Salesforce.com's Heroku launches standalone database service

The service is based on the open-source PostgreSQL database and offers 'continuous protection' from database failure

Salesforce.com's Heroku division has launched a standalone version of its PostgreSQL-based database, giving developers a "battle-tested" way to build applications with the cloud platform of their choosing, the company announced this week.

"Heroku Postgres has successfully and safely written 19 billion customer transactions, and another 400 million write-transactions are processed every day," Heroku said in a blog post. Customers who use the service can focus on other application development tasks besides database administration, Heroku said.

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The option joins Salesforce.com's previously announced Database.com service, which exposes the database infrastructure within its Force.com development platform.

Salesforce.com acquired Heroku last year, giving it a significant stake in Web and consumer-facing application development to go along with Force.com's business software focus.

Those who choose Heroku Postgres will benefit from "continuous protection" from database failure, according to the blog post. The system "creates multiple, geographically distributed copies of all data changes as they are written," it stated. "If a meteor were to wipe out the east coast, you won't lose your data."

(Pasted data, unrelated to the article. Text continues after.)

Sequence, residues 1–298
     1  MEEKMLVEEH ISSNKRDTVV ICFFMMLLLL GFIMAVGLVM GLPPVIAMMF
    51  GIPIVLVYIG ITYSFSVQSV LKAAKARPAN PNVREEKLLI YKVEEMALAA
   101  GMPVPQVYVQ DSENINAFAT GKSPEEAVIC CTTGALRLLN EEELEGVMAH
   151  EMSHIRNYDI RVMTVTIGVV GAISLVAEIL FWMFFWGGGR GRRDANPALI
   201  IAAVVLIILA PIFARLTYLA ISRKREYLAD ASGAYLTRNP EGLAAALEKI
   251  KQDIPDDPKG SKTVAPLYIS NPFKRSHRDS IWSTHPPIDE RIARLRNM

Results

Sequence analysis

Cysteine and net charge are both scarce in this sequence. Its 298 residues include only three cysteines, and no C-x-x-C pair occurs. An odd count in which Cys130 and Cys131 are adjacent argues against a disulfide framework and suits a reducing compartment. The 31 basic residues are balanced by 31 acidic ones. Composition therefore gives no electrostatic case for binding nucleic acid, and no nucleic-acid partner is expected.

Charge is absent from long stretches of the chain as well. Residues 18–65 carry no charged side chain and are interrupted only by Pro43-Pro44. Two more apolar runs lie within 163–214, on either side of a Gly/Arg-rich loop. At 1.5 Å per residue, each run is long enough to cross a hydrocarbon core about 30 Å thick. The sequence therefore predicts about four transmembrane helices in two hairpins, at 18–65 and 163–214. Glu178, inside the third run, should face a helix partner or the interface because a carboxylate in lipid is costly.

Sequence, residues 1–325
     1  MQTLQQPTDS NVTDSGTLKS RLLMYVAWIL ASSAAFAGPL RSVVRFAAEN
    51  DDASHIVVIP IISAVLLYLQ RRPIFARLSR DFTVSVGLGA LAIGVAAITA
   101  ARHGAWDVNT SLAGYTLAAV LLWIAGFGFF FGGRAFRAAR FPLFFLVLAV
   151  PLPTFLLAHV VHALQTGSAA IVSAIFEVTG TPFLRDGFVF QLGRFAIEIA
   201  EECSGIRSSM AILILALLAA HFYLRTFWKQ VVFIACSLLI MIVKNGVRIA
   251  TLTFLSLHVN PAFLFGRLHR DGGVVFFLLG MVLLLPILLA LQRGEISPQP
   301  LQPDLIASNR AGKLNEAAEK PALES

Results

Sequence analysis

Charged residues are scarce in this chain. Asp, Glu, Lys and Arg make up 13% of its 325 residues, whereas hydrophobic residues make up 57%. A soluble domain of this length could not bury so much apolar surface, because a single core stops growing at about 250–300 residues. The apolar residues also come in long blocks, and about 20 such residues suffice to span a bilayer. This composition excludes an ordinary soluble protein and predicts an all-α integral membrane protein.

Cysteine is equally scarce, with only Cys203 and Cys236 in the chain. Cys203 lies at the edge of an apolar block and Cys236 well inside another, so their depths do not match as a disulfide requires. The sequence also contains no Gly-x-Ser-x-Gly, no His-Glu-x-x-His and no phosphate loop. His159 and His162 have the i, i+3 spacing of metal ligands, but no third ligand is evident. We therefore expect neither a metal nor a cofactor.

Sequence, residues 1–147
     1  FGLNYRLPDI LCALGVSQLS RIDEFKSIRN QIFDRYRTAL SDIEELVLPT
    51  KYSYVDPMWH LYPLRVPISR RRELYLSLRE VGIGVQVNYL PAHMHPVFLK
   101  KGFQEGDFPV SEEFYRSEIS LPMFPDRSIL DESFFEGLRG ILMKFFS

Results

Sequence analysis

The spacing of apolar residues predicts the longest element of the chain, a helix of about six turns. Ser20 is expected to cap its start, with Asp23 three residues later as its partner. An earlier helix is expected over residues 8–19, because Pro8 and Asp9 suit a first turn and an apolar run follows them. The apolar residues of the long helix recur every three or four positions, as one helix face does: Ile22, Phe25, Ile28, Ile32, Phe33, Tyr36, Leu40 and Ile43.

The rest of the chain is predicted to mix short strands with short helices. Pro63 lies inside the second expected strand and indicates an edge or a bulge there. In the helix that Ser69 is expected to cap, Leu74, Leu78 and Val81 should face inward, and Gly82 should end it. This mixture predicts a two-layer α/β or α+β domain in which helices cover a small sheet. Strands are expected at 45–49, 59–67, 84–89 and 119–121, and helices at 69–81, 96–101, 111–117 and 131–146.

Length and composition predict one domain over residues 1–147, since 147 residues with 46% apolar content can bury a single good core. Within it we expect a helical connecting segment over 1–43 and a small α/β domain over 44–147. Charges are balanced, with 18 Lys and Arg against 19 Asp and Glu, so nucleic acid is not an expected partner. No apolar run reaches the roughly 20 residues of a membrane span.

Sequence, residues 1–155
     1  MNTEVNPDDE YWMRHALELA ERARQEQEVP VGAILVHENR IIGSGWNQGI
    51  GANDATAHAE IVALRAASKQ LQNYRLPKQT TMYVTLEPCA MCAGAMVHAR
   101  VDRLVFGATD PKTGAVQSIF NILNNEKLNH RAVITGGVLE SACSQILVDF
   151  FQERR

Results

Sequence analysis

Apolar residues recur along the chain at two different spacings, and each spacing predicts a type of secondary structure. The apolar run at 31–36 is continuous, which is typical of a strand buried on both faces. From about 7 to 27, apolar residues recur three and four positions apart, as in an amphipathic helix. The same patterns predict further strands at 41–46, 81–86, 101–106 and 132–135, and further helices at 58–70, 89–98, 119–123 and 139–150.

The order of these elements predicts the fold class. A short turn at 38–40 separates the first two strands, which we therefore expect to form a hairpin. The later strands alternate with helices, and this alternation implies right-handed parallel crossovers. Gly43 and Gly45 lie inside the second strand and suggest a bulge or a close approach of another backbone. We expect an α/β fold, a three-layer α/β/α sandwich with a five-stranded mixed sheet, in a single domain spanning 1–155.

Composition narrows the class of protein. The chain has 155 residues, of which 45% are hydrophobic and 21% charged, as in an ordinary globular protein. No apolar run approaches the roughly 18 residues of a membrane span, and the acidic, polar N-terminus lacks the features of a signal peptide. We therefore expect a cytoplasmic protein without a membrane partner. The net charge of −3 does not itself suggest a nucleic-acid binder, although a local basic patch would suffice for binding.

Heroku Postgres uses unmodified, "off-the-shelf" PostgreSQL, it added. "Rest assured that any standard libpq client will run flawlessly on our service. Should you ever decide that you want to go back to being your own DBA, you can; there is no technical lock-in."

The announcement could mean good things for PostgreSQL in general, one observer suggested.

"PostgreSQL is decent and justly popular technology, even if MySQL has been narrowing the technical gap," said analyst Curt Monash of Monash Research. "What PostgreSQL has lacked has been a cohesive, practically-oriented community or a strong corporate steward. Perhaps one or more cloud service providers can fill the gap."

VMware also recently launched a PostgreSQL-based package for cloud deployments.

In addition, EnterpriseDB in August announced a cloud version of its database, which layers additional features on top of the core open-source PostgreSQL code.

Pricing for Heroku Postgres is organized into tiers, starting at $200 per month for a 1.7GB cache up to $6,400 per month for a 68GB cache. All databases come with 2TB of storage, around-the-clock monitoring, daily snapshots and access from any PostgreSQL client.

In contrast, Database.com offers a small number of users and records at no charge, with pricing for users, records and transactions kicking in on a scaling basis once those limits are reached.

"If you want a conventional database, a PostgreSQL offering makes more sense than Database.com," Monash said. "If you're interested in the whole force.com stack, then Database.com could be a great option."

Chris Kanaracus covers enterprise software and general technology breaking news for The IDG News Service. Chris's e-mail address is Chris_Kanaracus@idg.com

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